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What is tree management? What is crop tree management? What is timber stand improvement?

What Is Tree Management? What Is Crop Tree Management? What Is Timber Stand Improvement? Sustainable & Forest Management Insights.

Today more than ever, environmental sustainability and biodiversity are essential. These practices can be achieved via the careful management and cultivation of our forested areas. Some of the ways in which we can do this are via crop tree management and timber stand improvement. But, what are these practices, for what purpose were they first introduced, and how can they benefit our local environment?

What is tree management?

What is tree management

Tree management is the broader term used when describing the process of inventorying publicly owned trees. This includes general inspections, maintenance activities, understanding the trees’ conditions, cultivating workforces, and keeping the public up to date with all goings on in relation to a certain area of trees. Publicly owned trees that are in parks and streets are critical assets that must be maintained properly, just as you would public utilities such as power lines and sewers. 

What is crop tree management?

What is crop tree management

Crop tree management (CTM) is a form of tree management with a focus on environmental stewardship. There are a lot of benefits that come with it. This system in particular is designed to ensure adequate quality of trees, particularly in timber stands that are regularly harvested.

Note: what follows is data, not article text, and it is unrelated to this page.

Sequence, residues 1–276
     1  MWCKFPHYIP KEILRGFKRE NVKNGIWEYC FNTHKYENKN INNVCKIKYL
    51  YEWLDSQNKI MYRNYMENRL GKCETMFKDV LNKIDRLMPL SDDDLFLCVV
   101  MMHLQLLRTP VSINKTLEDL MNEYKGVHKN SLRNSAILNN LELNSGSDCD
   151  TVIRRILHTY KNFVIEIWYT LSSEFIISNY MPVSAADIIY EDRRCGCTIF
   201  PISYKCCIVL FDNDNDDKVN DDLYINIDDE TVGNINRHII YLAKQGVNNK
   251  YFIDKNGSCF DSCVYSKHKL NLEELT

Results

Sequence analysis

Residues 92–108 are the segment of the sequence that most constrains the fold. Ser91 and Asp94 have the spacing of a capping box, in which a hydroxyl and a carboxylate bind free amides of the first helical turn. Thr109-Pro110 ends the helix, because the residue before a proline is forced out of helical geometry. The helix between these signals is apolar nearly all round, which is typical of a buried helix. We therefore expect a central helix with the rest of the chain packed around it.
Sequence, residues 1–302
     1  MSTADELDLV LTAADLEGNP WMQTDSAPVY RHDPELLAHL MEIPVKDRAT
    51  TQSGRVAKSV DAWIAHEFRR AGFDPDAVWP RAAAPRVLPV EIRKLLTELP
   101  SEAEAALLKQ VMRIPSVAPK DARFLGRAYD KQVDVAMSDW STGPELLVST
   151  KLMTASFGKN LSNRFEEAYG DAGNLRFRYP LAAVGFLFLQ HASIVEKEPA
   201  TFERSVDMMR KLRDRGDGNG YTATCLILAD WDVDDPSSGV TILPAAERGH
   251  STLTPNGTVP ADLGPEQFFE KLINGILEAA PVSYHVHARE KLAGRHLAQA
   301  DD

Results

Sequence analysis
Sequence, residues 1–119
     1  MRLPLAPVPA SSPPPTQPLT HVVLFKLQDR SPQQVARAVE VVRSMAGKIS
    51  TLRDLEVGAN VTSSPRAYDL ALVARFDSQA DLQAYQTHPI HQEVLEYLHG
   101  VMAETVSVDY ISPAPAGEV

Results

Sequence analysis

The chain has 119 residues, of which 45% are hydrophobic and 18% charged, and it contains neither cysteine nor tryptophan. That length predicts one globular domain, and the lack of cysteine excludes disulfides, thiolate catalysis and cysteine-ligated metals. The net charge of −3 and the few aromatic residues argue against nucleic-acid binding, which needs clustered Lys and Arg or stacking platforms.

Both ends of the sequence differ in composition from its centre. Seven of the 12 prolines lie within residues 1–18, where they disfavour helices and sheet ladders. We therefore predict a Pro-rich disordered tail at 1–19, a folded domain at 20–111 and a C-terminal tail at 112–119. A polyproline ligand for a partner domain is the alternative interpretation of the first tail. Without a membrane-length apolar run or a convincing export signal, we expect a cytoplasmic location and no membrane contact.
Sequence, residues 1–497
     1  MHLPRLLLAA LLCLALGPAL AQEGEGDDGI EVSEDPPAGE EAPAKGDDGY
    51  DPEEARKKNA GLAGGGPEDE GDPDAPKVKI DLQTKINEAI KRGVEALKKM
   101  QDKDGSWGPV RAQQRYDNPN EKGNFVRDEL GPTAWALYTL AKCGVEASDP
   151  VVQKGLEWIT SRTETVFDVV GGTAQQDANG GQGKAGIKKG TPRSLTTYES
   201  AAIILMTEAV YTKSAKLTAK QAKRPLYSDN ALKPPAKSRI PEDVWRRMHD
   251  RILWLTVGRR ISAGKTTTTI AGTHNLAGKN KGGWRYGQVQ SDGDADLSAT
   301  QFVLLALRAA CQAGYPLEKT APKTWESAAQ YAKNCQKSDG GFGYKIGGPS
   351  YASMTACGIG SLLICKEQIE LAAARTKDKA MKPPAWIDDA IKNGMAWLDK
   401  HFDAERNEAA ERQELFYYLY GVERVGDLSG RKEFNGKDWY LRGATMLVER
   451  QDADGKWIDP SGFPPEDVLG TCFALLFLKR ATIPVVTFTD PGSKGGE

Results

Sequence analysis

This seven-step system focuses on releasing various trees that produce a wide variety of benefits, such as improving the lives of local flora and fauna, water quality, general aesthetics, and timber production. It is done through various cutting treatments and cropping trees that provide the highest potential value to the environment.

Crop tree management involves making decisions for each individual tree, as opposed to an entire timber stand or forest. By identifying each individual tree’s needs, caretakers are better position to improve the overall quality and longevity of a wooded space. 

CTM was originally developed for non-industrial use in private forests. This is because it is well suited to small, natural stands of mixed hardwood – particularly in urban community woodlots and forest buffers. That said, it is also now commonly used in commercially operable timber stands to improve yield quality and overall earning potential. 

Here’s a quick look at the seven steps involved with CTM:

  1. Identify landowner goals (e.g., enhance recreational sustainability / improve habitats for local wildlife). 
  2. Establish specific objectives (e.g., improving recreational access for hiking).
  3. Develop criteria for crop tree selection (e.g., whether for timber, aesthetics, or water quality). 
  4. Take an inventory of the property and all existing tree species.
  5. Settle on how many crop trees will be released per acre.
  6. Decide which trees will be cut (e.g., determining which trees have adequate space to grow / which trees are most at risk of damage and degradation). 
  7. Review proposed treatments and confirm the project before execution.

The management strategies will vary from one stand of trees to another. Some may be too thin for culling at this stage in which case regenerative / planting strategies will be put in place. In any case, crop tree management is all about ensuring the overall health and well-being of the trees now and in the future by identifying each individual tree’s needs.